I found Douglas’s piece exceptionally illuminating and appealing, although admittedly, somewhat radical.  While reading the article, I could not help but consider how most Americans identifying as Christian would react to some of Douglas’s bold assertions (i.e., “it is not homosexuality but homophobia that is sinful”).  However, I feel that these kind progressive, resolute attitudes about contentious issues like sexuality and religion are essential for change, even though I assume many are intensely critical and surely insulted by her claims.  Specifically, I found Douglas’s idea that sexuality is fundamental to a closer relationship with God and humanity, as I feel that it is an ultimate expression of love and an important aspect of bodily experience, as it has unifying and empathizing possibilities.

However, al-Shaykh’s article, which frames its narrative around her experience in a Moroccan bath, was especially enjoyable for me to read, as my father is from Morocco, and I have traveled there with my family several times.  Although I have only vague memories of going with my aunts to the type of public baths she discusses —known as hammams—they are indeed a central part of Moroccan culture, especially for older people; in fact, my father almost exclusively showers at his gym and visits its sauna daily, which I can’t help but think is a sort of cross-cultural compensation for his missing hammams.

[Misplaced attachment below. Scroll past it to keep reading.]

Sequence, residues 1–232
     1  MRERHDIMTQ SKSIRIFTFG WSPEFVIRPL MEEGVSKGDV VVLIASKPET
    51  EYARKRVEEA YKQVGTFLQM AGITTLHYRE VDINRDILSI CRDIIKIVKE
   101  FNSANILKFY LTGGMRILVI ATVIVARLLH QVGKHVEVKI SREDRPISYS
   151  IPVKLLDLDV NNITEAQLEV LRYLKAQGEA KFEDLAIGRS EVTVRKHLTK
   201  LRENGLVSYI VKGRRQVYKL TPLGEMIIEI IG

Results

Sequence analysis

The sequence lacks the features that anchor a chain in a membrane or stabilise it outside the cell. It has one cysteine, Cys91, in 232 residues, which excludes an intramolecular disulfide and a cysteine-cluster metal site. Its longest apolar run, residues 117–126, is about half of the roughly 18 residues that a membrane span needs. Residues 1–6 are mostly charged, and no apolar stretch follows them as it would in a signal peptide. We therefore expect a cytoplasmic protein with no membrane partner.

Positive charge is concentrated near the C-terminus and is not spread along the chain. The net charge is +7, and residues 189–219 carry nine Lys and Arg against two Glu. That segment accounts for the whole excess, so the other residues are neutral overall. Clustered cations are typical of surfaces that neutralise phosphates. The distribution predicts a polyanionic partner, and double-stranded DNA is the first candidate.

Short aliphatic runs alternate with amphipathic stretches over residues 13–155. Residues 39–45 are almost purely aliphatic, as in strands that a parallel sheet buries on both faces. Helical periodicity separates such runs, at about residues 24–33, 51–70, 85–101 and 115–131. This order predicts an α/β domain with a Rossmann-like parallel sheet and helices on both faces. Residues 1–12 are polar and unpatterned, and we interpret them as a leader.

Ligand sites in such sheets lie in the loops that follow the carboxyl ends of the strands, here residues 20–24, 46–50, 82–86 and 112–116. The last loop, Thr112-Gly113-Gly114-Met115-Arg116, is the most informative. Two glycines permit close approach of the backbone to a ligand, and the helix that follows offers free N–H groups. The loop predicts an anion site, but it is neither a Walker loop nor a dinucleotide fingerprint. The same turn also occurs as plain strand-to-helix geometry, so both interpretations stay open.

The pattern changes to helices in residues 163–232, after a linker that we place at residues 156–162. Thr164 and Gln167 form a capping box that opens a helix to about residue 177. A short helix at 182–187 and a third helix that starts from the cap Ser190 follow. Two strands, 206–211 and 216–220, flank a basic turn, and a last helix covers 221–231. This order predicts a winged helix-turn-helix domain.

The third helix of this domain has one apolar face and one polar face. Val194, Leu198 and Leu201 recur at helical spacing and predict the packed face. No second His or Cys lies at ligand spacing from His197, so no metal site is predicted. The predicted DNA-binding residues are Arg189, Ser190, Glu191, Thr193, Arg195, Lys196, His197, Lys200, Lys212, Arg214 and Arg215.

Specifically concerning the issue of women’s bodies, I wholly agree with al-Shaykh’s assessment of Arab beauty ideals and how Moroccan women experience their bodies.  Indeed, I’ve always found the disjunction between modern Western and Arab standards of feminine beauty and body ideals shocking and almost antithetical.  When talking about her experiences living in Morocco, my mother often relays how as a pale, curvaceous woman with straight, thin, dark hair, she always considered herself unattractive by most men’s standards in the States.  However, almost ironically, in Morocco, she was regarded as almost a model of ideal beauty.  I think my mother’s experiences demonstrate not only that standards of beauty are culturally relative, and thus, socially and culturally constructed and maintained, but also that the idea that feminine attractiveness is near-universally defined by men and maintained by the “male gaze.”  That is, although conceptions of beauty may differ across cultures, women’s compulsion to comply with these standards are essentially the effect of the patriarchal “male gaze.”

Although I love traveling to Morocco and am proud of my Arab heritage, I must admit, Morocco, although seemingly more progressive than some Arab countries is a hostile place for women, as men’s verbal harassment and public judgment of women and their bodies is a customary practice.  However, I’ve always felt that Moroccan women have a sense of solidarity and collectivity that is unmatched in the States—perhaps partly in response to this oppression—and that artifacts of this community are evident in al-Shaykh’s description of the public bath.